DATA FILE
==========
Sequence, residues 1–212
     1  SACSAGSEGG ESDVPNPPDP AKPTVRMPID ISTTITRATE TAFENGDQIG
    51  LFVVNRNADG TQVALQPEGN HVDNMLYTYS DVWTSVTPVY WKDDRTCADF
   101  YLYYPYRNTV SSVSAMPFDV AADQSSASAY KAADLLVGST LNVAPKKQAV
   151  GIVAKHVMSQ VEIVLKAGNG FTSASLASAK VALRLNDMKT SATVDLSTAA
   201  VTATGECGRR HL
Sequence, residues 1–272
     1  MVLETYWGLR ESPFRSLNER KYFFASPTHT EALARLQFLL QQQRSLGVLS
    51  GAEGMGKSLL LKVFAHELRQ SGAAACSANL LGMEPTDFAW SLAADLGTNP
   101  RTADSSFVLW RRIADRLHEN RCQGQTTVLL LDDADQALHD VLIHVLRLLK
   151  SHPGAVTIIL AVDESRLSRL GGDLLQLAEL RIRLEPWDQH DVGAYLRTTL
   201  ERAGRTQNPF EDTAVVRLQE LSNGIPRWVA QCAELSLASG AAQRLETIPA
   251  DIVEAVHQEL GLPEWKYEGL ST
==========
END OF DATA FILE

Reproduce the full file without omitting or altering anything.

Sequence, residues 1–212
     1  SACSAGSEGG ESDVPNPPDP AKPTVRMPID ISTTITRATE TAFENGDQIG
    51  LFVVNRNADG TQVALQPEGN HVDNMLYTYS DVWTSVTPVY WKDDRTCADF
   101  YLYYPYRNTV SSVSAMPFDV AADQSSASAY KAADLLVGST LNVAPKKQAV
   151  GIVAKHVMSQ VEIVLKAGNG FTSASLASAK VALRLNDMKT SATVDLSTAA
   201  VTATGECGRR HL
Sequence, residues 1–272
     1  MVLETYWGLR ESPFRSLNER KYFFASPTHT EALARLQFLL QQQRSLGVLS
    51  GAEGMGKSLL LKVFAHELRQ SGAAACSANL LGMEPTDFAW SLAADLGTNP
   101  RTADSSFVLW RRIADRLHEN RCQGQTTVLL LDDADQALHD VLIHVLRLLK
   151  SHPGAVTIIL AVDESRLSRL GGDLLQLAEL RIRLEPWDQH DVGAYLRTTL
   201  ERAGRTQNPF EDTAVVRLQE LSNGIPRWVA QCAELSLASG AAQRLETIPA
   251  DIVEAVHQEL GLPEWKYEGL ST